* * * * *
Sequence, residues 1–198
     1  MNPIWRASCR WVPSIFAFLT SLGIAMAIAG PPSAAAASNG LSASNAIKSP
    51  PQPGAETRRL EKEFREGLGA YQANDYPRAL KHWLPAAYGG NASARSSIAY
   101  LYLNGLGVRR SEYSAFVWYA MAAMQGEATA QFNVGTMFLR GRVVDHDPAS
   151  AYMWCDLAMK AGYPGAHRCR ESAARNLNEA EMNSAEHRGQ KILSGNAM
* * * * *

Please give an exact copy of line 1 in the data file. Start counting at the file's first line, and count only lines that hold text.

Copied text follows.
Sequence, residues 1–198